TROY, Va. (AP) _ Her hair styled neatly and makeup brightening her face, Lovetta Osby turned to the camera to wish her children happy holidays and tell them she would be home soon.

``Hi sweetheart, it's mom,'' she began. ``I just wanted to wish you a Merry Christmas and tell you I'm sorry I couldn't be there again.''

Then came the tears.

Ms. Osby, a 29-year-old inmate at the Fluvanna Correctional Center for Women, reached for a tissue. Then she fought through the rest of her videotaped message, reading a poem to her children, ages 10, 9, and 2.

Ms. Osby, who's serving her third prison term for drug-related offenses, and dozens of other inmates recorded messages Monday for their relatives with the help of professional videographer volunteers.

``We figured we would need three boxes of tissues,'' said Randy Shipe, education director at Fluvanna, about 15 miles east of Charlottesville.

In one room of the prison, about 50 inmates selected by lottery from nearly 200 applicants were given a makeover before the tapings. Each inmate had 15 minutes to speak, but a few took just moments. Some looked into the camera; others read from prepared remarks.

Ms. Osby is relatively fortunate _ she's set for release Dec. 29. But many won't be so lucky. Nationwide, more than 80 percent of female prisoners have children under 18. Many have lost custody or visitation rights, or are incarcerated too far away to see their children regularly.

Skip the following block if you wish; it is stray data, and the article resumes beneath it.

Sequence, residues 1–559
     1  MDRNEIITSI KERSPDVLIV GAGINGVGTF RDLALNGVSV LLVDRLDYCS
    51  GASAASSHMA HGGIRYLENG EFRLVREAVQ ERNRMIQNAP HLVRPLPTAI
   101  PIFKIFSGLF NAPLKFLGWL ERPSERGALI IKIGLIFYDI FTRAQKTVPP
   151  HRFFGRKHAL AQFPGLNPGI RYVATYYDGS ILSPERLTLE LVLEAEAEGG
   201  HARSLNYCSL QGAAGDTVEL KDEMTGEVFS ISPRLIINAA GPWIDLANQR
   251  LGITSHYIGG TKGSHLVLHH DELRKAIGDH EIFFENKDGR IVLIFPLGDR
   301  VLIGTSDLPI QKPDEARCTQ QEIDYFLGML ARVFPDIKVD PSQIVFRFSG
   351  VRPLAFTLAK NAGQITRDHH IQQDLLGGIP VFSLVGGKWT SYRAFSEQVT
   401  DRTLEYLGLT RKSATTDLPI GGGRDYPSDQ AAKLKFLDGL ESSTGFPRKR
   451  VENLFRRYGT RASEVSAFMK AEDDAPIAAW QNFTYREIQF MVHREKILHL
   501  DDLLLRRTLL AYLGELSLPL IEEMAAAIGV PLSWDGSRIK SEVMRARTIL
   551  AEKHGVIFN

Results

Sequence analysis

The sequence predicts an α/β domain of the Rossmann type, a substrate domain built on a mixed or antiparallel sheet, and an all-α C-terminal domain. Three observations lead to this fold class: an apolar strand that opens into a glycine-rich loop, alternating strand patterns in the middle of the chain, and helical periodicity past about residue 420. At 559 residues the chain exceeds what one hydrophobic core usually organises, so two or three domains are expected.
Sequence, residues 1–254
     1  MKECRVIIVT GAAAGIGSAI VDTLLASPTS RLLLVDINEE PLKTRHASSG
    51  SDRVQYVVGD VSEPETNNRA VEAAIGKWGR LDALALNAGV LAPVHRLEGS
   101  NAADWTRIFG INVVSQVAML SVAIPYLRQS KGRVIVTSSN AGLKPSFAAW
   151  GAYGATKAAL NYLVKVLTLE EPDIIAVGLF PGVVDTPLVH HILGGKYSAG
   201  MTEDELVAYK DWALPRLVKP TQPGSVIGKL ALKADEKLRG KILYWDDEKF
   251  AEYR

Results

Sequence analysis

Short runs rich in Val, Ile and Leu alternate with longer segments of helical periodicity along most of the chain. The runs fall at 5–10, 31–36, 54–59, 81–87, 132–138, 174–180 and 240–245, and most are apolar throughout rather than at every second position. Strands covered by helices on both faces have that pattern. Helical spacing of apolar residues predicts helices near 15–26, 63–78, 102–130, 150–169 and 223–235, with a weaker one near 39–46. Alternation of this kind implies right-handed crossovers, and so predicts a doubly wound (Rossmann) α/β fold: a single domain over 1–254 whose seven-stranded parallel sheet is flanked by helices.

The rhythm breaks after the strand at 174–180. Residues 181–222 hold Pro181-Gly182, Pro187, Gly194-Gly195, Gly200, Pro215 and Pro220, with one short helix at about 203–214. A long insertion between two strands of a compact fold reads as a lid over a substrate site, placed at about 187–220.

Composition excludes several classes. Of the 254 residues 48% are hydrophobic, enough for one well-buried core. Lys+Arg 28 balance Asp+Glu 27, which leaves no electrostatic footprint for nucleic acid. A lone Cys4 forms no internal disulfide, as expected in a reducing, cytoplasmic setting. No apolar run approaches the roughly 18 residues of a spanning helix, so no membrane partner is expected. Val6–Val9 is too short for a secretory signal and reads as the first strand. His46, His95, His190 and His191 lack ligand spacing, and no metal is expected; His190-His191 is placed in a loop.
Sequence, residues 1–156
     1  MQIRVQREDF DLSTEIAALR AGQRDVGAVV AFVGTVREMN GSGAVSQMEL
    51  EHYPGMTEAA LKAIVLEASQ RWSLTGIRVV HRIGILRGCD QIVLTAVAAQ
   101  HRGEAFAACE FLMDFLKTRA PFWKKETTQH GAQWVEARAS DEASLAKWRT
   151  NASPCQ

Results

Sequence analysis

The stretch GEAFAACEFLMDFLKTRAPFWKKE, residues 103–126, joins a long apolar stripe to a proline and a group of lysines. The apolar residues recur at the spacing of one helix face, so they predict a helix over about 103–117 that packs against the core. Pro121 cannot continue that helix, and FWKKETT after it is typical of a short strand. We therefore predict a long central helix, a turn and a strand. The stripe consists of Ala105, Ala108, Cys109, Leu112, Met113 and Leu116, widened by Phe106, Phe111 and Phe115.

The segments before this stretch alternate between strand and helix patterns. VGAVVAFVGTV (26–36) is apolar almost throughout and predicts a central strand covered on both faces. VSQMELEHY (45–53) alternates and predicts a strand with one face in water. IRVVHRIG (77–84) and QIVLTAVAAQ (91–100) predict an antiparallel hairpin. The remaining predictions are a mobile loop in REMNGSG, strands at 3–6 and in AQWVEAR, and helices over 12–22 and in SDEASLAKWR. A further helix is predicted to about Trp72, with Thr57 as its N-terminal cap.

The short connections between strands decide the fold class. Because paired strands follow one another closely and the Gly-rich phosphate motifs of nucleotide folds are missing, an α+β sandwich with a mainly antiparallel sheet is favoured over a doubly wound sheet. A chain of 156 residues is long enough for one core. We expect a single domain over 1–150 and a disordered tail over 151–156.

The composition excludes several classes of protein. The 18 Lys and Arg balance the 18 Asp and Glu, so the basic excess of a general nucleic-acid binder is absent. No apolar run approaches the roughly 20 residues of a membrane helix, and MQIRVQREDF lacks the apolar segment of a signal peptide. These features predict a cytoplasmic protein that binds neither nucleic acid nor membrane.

``There was a woman today who hadn't seen her child in five years,'' said Carolyn LeCroy, founder of the group Women in Transition, which ran the videotaping project in conjunction with the prison. ``Five years _ because of distance. The caretaker can't get them here. It gives me goosebumps to think about that.''

Ms. LeCroy understands the pain. She once spent a Christmas in prison herself.

``Everybody gets depressed, no matter what kind of front you try to put on,'' she recalled. ``I cried all day.''

Ms. LeCroy tried something similar at a Henrico County jail for Mother's Day, and tried to get permission at Fluvanna, a new women's prison that houses about 900 prisoners. But clearance didn't come until a few weeks ago.

With the help of some contributors, Ms. LeCroy picked up the tab for the project, which she believes is a first in the country.

``This is the best gift they can give me,'' said 26-year-old Sabrina Hyman of Richmond, who lost visitation rights to her 6-year-old daughter, Courtney, for six months. This is her first Christmas behind bars after being convicted in a cocaine case.

``Hi Courtney, this is mommy,'' she said. ``I love you and I miss you, and I wish I could be there at Christmas time, but unfortunately mommy can't. ... I'm sorry I can't be there with you at a time that you need me.''

``Having children of my own, I can't imagine not being with them,'' said Phyllis Baskerville, the prison's assistant warden for housing and programs.

The average female inmate has two children, Shipe said, which would mean there are 3,000 to 3,500 children with mothers behind bars in Virginia.

``This is a personal gift from the mother,'' said Ms. LeCroy. ``It's something these children can put in that VCR, and they can see their mother anytime they want or need.''